Neutering my dog – What’s really involved?

What is involved in neutering my dog?

  • – Assuming the pre-op blood work reveals no underlying problems, a pre-anesthetic injection with pain medication is given.
  • – A small area of the front leg is shaved and an IV catheter is then placed for administering fluids and medications.
  • – The endotracheal (breathing) tube is placed for inhalation anesthesia.
  • – As your dog’s heart and breathing are monitored by a NYS licensed veterinary technician, another clips the surgical site.
  • As the surgeon scrubs and “gowns up,” the patient is moved to the surgery table; the incision site is scrubbed and sterilized.
  • The patient is connected to a respiratory monitor, and anesthesia is adjusted and monitored.
  • A small incision is made, and the surgery begins, which takes approximately 45 minutes.
  • The testicles are surgically removed. (We’ll spare you the details here!)
  • After closing the 2 layers with absorbable suture, the patient is transferred to the observation area where he is closely watched until his endotracheal tube can be safely removed and he is in sternal recumbancy (lying up on his chest).
  • It is at this time that we usually call to assure you that all has gone well, and to schedule your dog’s discharge appt.
  • Cleaning and sterilization of the operating room and surgical instruments then begins to prepare for the next surgery.
  • When the patient is awake and able to walk, he is transferred to a hospital ward kennel, and is regularly checked.
  • Later that day, the doctor examines the patient and inspects the incision.
  • As the pain medication from the morning wears off, it is determined whether an oral pain medication should be sent home with your dog.
  • It will soon be time to go home!

What pain medications will my dog receive?

Because it is not full abdominal surgery, dogs recover more quickly from neutering with significantly less pain than a spay. Initially, an injection of a morphine-like drug is given as part of the pre-anesthetic medication. The effect lasts approximately 12 hours. That evening when the dog is re-examined, if he seems uncomfortable, he will be sent home with additional oral pain medication.

Why are I.V. fluids included?

As with human surgeries, intravenous fluid therapy is an integral part of anesthetic procedures at the Livonia Veterinary Hospital. Anesthesia can lower blood pressure during any surgery. The intravenous fluids increase blood volume, thereby maintaining your dog’s blood pressure at a safer level. In addition, should drugs ever be required in an unexpected situation, the indwelling catheter provides us immediate IV access.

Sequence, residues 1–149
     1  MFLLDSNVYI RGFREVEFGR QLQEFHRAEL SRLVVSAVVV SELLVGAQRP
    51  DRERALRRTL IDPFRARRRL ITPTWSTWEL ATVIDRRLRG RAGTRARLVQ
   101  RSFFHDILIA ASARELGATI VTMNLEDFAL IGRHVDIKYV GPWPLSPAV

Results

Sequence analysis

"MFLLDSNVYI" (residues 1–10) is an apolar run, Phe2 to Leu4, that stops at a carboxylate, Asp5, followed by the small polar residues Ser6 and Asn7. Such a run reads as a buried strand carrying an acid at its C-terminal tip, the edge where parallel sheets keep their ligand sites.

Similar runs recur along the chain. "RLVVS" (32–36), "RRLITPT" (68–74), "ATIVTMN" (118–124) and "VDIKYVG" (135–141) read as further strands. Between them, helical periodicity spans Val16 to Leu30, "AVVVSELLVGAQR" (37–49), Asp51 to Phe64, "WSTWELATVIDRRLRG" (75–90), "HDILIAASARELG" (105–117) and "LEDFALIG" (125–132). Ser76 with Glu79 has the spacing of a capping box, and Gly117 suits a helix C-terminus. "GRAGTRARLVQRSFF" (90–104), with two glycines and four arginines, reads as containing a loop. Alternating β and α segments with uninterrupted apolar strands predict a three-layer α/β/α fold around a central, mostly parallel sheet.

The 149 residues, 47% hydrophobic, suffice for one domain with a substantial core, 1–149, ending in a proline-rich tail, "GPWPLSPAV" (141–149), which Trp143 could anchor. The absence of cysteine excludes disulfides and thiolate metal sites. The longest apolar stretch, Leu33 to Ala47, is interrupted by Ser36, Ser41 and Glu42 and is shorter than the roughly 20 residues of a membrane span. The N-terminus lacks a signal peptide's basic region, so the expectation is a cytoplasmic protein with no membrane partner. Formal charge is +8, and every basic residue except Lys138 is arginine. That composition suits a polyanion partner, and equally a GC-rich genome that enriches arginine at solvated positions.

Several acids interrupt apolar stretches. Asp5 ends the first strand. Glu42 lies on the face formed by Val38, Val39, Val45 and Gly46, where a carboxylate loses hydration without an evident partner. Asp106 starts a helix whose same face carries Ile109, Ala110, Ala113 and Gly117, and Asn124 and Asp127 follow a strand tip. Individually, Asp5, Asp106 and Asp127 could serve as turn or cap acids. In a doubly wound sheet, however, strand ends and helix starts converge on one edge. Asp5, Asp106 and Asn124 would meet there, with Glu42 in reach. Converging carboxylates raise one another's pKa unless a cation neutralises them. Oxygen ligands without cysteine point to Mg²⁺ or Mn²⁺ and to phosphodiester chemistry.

Why is pre-operative blood work required? (My dog is young and healthy.)

Pre-op blood work provides the same benefits as with human surgery. The tests check for anemia, and tell us if your dog’s organs, particularly those associated with the metabolism of the anesthetic agents, are functioning properly. If congenital or age related abnormalities are identified, anesthesia protocols can be modified to ensure optimal safety during the procedure. If all is normal, we have established a valuable baseline for future reference.

How can all this be done for such a reasonable cost?

In an effort to reduce the number of unwanted puppies and kittens, Livonia Veterinary Hospital has subsidized the cost of your dog’s neuter. Another comparably involved surgery would certainly be more, and comparable human procedures would cost thousands more. It is important to note, however, that even with the costs reduced, your dog has received the best veterinary care possible. We perform the procedure using the highest standards available today to minimize the risk of infection and make the procedure as pain free as possible. Be assured that high quality veterinary care is never compromised at Livonia Veterinary Hospital.

Should I do anything special when my dog comes home?

  • For a week or so after surgery, you should keep your dog’s activity restricted, though walks are fine. Do not encourage running, jumping, and other active play.
  • He may be a little quiet and sleep more than usual the first day or two. After all, he is recovering from surgery!
  • You may feed and water your dog as you do usually. No special diet is required.
  • You will need to examine incision daily. Absorbable sutures are used so there is no need to return for suture removal.
  • As always, be sure to call us us if you have any questions or concerns.
Location Hours
Monday8:00am – 6:30pm
Tuesday8:00am – 6:30pm
Wednesday8:00am – 6:30pm
Thursday8:00am – 6:30pm
Friday8:00am – 5:00pm
Saturday8:00am – 12:00pm
SundayClosed

For your convenience, as well as that of other clients, office visits are by appointment only. On surgery days, patient admission is between 7:30 and 8:15am.